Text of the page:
“One is not born, but rather becomes, a woman”
– Simone de Beauvoir
Before we see more of April Dawn Alison at home – that’s her in the above photo – a word about Alan Schaefer, a photographer born in The Bronx, New York City, in 1941. He moved to Oakland, California, where he lived alone until his death in 2008, leaving behind, among other objects, 9,200 Polaroids, nearly all of them self-portraits, made by, and of, Alison.
Andrew Masullo got hold of them photos after an estate sale, and donated the archive to the San Francisco Museum of Modern Art.
The photos of Alison at home, appear to have bene taken from the 1960s right up to her death. Did Alan want them to be found and seen? “I personally believe that [Schaefer] wanted them to be seen,” says Erin O’Toole, a curator of photography at SFMOMA. “Artists don’t make work for no one to see it. Maybe he didn’t feel comfortable being April Dawn in the world, but that doesn’t mean he didn’t want people to see the pictures later and appreciate them.”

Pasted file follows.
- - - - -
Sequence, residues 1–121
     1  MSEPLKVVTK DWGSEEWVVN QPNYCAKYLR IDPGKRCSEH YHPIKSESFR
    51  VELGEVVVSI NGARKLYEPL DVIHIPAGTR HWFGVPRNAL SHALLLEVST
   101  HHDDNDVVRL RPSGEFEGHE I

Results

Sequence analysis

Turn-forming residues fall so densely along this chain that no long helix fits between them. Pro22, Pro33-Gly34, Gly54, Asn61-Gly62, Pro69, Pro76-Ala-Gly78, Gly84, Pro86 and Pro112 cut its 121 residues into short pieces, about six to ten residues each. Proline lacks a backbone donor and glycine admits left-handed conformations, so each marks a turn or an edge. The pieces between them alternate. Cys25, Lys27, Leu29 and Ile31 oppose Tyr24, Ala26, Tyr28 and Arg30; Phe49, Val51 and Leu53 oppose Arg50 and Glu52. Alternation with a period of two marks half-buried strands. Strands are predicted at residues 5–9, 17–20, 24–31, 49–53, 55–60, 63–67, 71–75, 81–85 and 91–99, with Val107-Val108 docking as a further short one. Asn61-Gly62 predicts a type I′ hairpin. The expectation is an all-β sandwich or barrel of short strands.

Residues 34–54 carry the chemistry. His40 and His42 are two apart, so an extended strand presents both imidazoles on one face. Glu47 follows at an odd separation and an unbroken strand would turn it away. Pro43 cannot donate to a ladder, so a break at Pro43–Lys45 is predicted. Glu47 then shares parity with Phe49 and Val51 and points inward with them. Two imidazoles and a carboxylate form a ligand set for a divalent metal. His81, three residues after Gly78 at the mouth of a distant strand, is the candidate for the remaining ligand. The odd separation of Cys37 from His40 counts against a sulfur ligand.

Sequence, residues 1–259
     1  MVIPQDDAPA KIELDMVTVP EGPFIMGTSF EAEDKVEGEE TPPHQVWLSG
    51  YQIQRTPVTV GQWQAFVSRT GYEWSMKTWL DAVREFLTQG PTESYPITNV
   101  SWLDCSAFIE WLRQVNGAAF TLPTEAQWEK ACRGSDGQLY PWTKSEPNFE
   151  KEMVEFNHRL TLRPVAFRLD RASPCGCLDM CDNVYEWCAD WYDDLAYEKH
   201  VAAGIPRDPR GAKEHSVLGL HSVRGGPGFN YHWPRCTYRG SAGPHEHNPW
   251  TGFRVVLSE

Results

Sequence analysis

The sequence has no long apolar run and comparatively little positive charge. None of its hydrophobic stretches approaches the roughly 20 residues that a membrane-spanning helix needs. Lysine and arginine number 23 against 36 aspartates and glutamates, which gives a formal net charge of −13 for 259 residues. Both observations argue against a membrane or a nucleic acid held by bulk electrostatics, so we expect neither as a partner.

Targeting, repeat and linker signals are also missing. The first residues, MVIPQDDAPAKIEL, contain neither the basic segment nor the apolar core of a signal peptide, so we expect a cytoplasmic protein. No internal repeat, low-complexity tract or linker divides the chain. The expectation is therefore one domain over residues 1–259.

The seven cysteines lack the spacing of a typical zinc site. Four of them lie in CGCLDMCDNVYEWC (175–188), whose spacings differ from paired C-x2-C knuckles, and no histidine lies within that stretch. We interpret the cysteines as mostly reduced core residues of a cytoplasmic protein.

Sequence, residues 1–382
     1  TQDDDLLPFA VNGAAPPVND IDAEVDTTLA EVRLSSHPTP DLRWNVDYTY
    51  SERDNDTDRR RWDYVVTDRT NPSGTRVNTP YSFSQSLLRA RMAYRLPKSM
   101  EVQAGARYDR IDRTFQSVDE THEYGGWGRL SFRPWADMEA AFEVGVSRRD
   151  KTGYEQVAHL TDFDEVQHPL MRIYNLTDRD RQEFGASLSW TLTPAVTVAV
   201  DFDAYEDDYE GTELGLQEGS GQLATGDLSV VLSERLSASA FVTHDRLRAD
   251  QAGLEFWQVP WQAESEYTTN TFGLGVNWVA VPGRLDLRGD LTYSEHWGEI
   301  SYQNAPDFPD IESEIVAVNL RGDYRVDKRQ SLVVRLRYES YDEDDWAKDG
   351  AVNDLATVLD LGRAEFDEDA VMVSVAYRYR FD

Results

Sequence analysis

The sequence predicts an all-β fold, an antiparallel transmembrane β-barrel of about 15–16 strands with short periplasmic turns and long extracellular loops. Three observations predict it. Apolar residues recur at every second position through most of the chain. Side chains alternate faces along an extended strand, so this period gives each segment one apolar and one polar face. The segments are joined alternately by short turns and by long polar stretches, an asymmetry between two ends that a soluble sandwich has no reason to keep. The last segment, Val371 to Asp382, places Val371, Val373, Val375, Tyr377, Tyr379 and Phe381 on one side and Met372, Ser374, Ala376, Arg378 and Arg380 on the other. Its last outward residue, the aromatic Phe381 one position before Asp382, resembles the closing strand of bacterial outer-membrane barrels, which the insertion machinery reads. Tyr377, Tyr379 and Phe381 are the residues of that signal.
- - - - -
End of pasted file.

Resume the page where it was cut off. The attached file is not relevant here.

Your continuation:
Alison – cleaner, sex object, housewife, model – appears to be all things woman. Who the pictures were for – just for her? – or why Alan chose Polaroid over other film types, can only be guessed at. Was it personal, like it was for Chicago-base nanny Vivian Maier, whose sensational self-portraits came to life after her death? The photos were in cardboard boxes, left behind, like Iain SP Reid’s street photography of people in 1970s Manchester, England, awaiting discovery and a bigger audience.
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